The Long Island Power Authority would be required to protect ratepayers when considering a PSEG-LI rate increase proposal under a bill introduced in the state legislature by State Sen. Ken LaValle and Assemblyman Fred Thiele.
LIPA should “protect the economic interests of its ratepayers and the service area” when considering a rate increase proposal, according to the bill. It would also prevent LIPA from increasing rates to offset revenue losses due to ratepayer energy conservation efforts, the legislators said in a joint press release.
LIPA contracts with PSEG-LI to manage its electric system. Under the LIPA Reform Act adopted in 2013, which required LIPA to turn over system management to PSEG, LIPA trustees decide whether to adopt rate increase proposals made by the contractor. The trustees take into consideration the recommendations of the State Department of Public Service.
The trustees can only consider whether or not the public service department’s recommendations are consistent with three narrow parameters, the legislators said. These parameters include “sound fiscal operating practices,” “existing contractual obligations,” and “safe and adequate service.” They are not permitted to consider the economic impact of the rate increase on ratepayers or the Long Island economy.
In 2015, the Long Island Power Authority trustees approved the largest rate increase in LIPA’s history, according to the LaValle-Thiele press release. The three-year increase, implemented between 2016 and 2018, resulted in a cumulative 7.3-percent rate increase in the delivery portion of LIPA bills. The rate increase raised more than $287 million in new revenues.
LaValle and Thiele said the three LIPA trustees who refused to support the rate increase complained that the LIPA reform act is “too rigid” and asked for legislation amending the law to give the LIPA trustees more power and decision-making on behalf of the ratepayers.
The East End legislators noted that State Comptroller Thomas DiNapoli has criticized the lack of regulatory oversight of LIPA and PSEG-LI stating, “We are concerned that there is no true scrutiny of proposed rates …because LIPA Trustees cannot be objective under the current arrangement.”
“In 2015, the flaws in the LIPA Reform Act saddled ratepayers with a three-year increase, the largest in LIPA history. LIPA Trustees implored us to fix the law. We should do so now before LIPA and PSEG-LI can ask for another rate increase,” Thiele said.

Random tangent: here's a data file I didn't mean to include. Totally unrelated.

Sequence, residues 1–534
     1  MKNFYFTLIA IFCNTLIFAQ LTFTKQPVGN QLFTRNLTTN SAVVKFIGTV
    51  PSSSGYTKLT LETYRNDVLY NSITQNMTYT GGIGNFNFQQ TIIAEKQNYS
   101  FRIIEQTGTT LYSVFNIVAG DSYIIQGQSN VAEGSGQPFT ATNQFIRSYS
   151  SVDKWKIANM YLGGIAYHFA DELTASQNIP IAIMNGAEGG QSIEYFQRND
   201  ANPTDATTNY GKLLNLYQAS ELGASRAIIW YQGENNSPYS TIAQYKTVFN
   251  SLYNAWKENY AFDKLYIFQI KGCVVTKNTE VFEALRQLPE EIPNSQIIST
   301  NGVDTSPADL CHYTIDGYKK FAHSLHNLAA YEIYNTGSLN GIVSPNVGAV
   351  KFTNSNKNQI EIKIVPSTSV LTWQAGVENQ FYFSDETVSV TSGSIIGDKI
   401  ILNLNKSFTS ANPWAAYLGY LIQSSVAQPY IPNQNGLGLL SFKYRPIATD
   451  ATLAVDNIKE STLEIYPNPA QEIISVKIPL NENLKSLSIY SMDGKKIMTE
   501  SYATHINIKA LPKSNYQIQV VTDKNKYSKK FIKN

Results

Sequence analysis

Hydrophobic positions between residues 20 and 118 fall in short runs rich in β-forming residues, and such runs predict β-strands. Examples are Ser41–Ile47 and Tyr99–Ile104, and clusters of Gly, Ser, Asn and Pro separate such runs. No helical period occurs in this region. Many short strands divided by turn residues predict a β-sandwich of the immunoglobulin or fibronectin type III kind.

“Under the federal tax bill, Long Islanders are already facing a significant economic loss which will cost residents billions in taxes due to lost income tax deductions. At the same time, utility companies could see a windfall in tax reductions,” Thiele said. “Ratepayers and taxpayers are the same people. It is imperative that the LIPA Reform Act be amended so that LIPA considers the economic impact of electric rate increases,” he said.
“In addition, Long Islanders are successfully working hard to reduce energy consumption. They should get the financial benefit of the efforts to conserve and not be punished with higher rates,” Thiele said.
“While we have been working to keep Long Island affordable by implementing measures like the 2-percent property tax cap, LIPA approved the largest rate increase in its history,” LaValle said.
“More than ever, it is critically important that the financial impacts on customers are considered when LIPA deliberates any cost increases,” he said.
“This measure will enable more community input by mandating a public hearing when considering rate changes. In addition, this legislation would provide the trustees with the tools necessary to reject rate increases that would cause additional financial burdens on Long Islanders,” LaValle said.
Last month the governor signed into law a bill sponsored by LaValle and Thiele requiring disclosure of PSEG-LI’s top executives’ compensation and all fees paid to consultants and contractors. The new law empowers the Department of Public Servie to review and make recommendations on the reasonableness of those fees and compensation. The legislators said they sought the legislation because PSEG-LI refused to make that information public. PSEG-LI said the information was not required to be disclosed under the LIPA Reform Act.
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